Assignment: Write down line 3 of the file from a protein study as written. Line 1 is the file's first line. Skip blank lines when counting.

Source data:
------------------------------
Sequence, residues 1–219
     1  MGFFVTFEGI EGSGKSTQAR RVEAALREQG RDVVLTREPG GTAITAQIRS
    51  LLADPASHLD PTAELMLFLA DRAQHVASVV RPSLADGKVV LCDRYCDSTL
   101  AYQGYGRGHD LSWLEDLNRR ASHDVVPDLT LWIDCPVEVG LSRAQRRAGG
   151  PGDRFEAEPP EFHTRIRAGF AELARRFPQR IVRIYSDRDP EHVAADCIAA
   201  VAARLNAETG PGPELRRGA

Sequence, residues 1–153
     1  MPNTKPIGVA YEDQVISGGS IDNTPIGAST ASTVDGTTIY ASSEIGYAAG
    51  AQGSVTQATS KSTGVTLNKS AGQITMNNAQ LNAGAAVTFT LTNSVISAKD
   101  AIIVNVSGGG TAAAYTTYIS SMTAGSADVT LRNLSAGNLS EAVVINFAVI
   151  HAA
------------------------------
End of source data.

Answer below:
    51  LLADPASHLD PTAELMLFLA DRAQHVASVV RPSLADGKVV LCDRYCDSTL